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3 important things PPACA exchanges are saying about you

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Managers of the remaining, battle-hardened state-based public health insurance exchanges are battening down the hatches as they prepare for the Nov. 1 start of the third Patient Protection and Affordable Care Act (PPACA) open enrollment period.

See also: 5 mysterious 2016 open enrollment period wildcards

Federal aid is running out. In most states, state funding is hard to come by. Insurers and other interested parties are less interested in whether an exchange can enroll a consumer in coverage without crashing and more interested in whether if it is meeting concrete enrollment and service goals.

Some exchange program managers are hoping stronger agent and broker relations will help, especially in the small-group market.

For a look at what managers of three state-based exchanges are saying about their producer outreach programs, read on.

Covered California

1. Covered California

The big producer news in California is that Covered California there is starting to get control over its agent commission payment problem.

Exchange agents have been complaining about long payment delays.

Now, the exchange staff says, the agents who serve small groups are getting commissions paid on a regular basis. The staff said at a recent board meeting that the exchange has paid the agent commissions owed through July and as in the process of paying commissions for August and September.

The exchange also has eliminated a $500,000 premium cap on small-group commission calculations. The exchange will pay the regular 5 percent commission for the first $1 million in small-group commissions, and an 0.8 percent commission on any small-group premiums over a $1 million cut-off.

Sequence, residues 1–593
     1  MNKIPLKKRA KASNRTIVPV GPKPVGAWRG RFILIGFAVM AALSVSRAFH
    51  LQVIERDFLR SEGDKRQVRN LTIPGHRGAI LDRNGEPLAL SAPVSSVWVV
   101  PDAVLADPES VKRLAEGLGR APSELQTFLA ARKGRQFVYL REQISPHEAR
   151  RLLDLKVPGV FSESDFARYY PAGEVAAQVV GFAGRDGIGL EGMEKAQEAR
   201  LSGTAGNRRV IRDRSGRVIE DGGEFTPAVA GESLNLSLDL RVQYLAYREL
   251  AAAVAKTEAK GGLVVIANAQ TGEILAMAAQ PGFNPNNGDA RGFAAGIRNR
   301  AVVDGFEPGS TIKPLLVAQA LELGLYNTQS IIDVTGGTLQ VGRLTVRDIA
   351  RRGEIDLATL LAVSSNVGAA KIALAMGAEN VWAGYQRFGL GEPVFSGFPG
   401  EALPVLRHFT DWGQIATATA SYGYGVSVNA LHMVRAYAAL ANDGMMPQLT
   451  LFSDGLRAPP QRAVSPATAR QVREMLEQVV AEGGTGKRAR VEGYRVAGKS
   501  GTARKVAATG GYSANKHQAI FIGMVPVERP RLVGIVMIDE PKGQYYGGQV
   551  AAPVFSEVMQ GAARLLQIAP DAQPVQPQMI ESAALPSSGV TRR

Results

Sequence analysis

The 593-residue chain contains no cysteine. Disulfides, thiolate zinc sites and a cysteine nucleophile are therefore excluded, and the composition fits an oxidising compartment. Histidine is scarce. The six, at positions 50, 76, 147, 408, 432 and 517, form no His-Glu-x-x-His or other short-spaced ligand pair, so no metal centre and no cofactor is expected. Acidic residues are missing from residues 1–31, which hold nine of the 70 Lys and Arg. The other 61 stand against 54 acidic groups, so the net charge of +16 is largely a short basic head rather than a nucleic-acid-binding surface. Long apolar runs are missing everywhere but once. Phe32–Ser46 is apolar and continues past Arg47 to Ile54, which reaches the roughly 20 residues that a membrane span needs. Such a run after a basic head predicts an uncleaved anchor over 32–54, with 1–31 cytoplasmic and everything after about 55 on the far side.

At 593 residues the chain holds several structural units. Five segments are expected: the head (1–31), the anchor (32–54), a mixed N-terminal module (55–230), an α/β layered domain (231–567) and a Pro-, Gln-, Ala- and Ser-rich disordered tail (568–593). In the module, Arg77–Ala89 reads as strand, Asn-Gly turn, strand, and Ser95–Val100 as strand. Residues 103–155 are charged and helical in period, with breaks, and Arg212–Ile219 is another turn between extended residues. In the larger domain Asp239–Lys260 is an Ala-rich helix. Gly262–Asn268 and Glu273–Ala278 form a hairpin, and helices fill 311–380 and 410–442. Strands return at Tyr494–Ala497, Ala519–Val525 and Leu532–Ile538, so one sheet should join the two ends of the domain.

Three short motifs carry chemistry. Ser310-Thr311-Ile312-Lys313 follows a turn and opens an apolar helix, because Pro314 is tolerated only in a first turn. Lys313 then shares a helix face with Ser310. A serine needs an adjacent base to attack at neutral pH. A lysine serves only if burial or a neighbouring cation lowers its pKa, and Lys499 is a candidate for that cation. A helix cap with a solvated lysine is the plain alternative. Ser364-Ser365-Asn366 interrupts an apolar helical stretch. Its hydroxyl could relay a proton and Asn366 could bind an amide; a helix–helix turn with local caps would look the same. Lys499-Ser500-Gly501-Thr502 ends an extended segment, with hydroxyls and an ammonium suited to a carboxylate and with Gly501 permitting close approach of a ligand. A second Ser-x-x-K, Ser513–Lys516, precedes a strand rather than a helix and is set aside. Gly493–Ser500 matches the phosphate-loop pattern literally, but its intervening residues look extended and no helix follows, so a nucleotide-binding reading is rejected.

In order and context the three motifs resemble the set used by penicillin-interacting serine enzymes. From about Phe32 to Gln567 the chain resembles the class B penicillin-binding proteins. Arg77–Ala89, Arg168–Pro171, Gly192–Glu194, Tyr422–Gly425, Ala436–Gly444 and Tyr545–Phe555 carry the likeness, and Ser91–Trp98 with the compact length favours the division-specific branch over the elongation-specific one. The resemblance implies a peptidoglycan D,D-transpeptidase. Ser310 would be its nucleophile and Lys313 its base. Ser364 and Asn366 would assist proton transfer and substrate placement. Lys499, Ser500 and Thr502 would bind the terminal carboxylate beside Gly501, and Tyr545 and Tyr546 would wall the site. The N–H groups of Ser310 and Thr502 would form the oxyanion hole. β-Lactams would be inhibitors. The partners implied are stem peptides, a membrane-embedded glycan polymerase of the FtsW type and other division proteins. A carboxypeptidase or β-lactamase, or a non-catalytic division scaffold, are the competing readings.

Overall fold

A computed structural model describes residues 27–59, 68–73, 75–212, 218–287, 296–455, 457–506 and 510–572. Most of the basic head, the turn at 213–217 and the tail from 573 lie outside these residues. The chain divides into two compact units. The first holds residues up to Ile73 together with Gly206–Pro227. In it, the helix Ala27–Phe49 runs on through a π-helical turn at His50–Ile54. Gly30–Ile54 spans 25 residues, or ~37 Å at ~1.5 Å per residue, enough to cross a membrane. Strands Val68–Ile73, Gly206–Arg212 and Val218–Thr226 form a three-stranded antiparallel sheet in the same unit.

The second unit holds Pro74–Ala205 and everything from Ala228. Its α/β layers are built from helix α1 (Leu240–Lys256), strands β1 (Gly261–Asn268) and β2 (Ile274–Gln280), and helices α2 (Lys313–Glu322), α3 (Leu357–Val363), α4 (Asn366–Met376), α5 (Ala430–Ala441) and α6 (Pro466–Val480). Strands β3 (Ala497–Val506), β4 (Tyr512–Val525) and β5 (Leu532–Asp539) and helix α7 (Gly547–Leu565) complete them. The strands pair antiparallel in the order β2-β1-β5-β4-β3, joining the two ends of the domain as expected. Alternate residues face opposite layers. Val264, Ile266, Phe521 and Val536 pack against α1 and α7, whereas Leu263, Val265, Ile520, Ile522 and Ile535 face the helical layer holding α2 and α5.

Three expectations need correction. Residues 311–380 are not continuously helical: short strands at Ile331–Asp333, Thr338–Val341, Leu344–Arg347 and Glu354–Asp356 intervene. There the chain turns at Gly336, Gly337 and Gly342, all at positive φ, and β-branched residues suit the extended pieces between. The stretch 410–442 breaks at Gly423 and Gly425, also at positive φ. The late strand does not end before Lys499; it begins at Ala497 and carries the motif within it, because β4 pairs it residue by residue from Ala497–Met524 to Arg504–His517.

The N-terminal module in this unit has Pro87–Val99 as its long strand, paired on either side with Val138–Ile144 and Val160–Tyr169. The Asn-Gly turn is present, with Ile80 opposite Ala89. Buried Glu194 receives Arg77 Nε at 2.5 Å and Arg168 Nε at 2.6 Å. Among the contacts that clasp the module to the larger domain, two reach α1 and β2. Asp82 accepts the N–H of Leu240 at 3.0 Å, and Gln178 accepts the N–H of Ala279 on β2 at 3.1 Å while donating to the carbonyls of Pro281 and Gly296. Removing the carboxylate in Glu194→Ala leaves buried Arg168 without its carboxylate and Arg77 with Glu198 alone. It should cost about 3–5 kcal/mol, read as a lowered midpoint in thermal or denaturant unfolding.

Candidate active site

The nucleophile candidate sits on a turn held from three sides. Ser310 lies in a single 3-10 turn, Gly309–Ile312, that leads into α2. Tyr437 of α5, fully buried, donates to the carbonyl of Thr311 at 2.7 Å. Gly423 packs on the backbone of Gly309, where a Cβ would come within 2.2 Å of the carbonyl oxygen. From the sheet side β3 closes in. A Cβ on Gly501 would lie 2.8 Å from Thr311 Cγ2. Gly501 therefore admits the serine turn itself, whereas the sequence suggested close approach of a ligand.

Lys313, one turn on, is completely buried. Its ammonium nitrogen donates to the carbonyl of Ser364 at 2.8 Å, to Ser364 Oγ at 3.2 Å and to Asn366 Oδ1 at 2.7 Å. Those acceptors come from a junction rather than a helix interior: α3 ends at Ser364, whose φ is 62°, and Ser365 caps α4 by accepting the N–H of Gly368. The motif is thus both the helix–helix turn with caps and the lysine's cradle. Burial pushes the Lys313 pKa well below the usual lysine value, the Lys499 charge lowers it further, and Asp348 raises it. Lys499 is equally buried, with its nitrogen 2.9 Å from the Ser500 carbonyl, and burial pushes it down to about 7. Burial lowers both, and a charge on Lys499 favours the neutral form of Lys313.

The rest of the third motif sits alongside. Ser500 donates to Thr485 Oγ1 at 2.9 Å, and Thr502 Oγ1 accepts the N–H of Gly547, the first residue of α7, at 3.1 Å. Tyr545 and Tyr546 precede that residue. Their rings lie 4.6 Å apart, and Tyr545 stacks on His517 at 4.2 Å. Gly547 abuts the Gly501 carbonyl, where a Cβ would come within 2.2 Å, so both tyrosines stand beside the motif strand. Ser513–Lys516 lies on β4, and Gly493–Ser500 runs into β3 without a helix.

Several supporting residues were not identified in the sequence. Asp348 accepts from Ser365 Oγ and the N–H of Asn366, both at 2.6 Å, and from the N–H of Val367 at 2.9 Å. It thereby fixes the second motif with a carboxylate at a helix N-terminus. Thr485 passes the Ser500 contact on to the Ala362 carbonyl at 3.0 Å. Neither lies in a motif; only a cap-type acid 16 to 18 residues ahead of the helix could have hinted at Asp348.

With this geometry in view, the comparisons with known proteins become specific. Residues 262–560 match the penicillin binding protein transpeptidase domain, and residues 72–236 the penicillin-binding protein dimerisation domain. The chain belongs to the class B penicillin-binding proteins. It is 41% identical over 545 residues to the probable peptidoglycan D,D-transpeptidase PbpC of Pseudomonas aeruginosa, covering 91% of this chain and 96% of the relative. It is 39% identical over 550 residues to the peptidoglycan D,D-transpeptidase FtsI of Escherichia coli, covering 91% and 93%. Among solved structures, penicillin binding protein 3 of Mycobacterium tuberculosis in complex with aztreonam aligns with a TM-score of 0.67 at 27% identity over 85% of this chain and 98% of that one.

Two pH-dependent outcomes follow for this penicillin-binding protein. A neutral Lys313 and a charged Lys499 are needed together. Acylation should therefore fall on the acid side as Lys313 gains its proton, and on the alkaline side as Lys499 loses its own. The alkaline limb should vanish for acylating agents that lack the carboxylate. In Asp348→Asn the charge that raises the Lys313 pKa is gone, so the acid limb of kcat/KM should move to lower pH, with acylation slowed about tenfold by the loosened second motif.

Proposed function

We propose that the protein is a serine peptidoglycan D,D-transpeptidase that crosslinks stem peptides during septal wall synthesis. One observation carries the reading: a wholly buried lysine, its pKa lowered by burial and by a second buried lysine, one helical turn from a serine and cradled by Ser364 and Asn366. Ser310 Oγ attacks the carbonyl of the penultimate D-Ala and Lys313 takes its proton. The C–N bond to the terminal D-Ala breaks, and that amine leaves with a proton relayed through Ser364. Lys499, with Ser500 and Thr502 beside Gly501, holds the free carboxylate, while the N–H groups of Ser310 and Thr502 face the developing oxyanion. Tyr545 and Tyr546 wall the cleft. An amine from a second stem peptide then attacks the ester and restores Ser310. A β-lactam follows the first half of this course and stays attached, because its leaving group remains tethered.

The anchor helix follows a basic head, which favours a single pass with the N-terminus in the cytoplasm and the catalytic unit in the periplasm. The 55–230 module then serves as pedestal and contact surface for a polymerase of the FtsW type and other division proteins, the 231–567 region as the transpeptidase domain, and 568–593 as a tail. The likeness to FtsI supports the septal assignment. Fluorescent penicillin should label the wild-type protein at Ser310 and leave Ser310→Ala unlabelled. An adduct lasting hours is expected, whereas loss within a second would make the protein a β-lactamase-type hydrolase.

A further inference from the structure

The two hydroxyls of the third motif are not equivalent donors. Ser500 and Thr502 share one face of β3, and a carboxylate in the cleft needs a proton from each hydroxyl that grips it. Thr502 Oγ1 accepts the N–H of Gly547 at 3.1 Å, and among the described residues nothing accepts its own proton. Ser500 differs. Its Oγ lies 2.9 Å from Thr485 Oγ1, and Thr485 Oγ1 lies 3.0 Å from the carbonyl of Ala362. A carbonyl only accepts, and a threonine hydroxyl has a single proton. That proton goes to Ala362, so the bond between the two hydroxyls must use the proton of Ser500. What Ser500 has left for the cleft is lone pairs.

The exchange has a total of about 13,000 certified agents. 


2. Connect for Health Colorado

Connect for Health Colorado, Colorado’s state-based exchange, has been holding broker re-engagement meetings.

The exchange certified 1,330 brokers for the 2015 open enrollment period. The number of brokers certified for this year is 16 percent lower than the number certified for the first open enrollment period, but the number of effectuated exchange enrollments per certified broker has increased to about 50, from 30 during the first open enrollment period.

For 2016, for the third open enrollment period, about 1,300 brokers have already been getting training and learning about the exchange lead-generation tool, according to the exchange staff.

Brokers helped about 40 percent of enrollees for the 2015 plan year. The exchange is hoping to increase that percentage to 50 percent for the 2016 plan year.


3. MNsure

MNsure, Minnesota’s state-based exchange, says it has re-certified 525 brokers who have worked with it before and certified 105 brokers who are new to the exchange system.

The exchange will have agents and brokers staff 18 in-person enrollment centers for 2016, up from six for 2015. The enrollment centers will help small employers set up Small Business Health Options Program (SHOP) group plans. 


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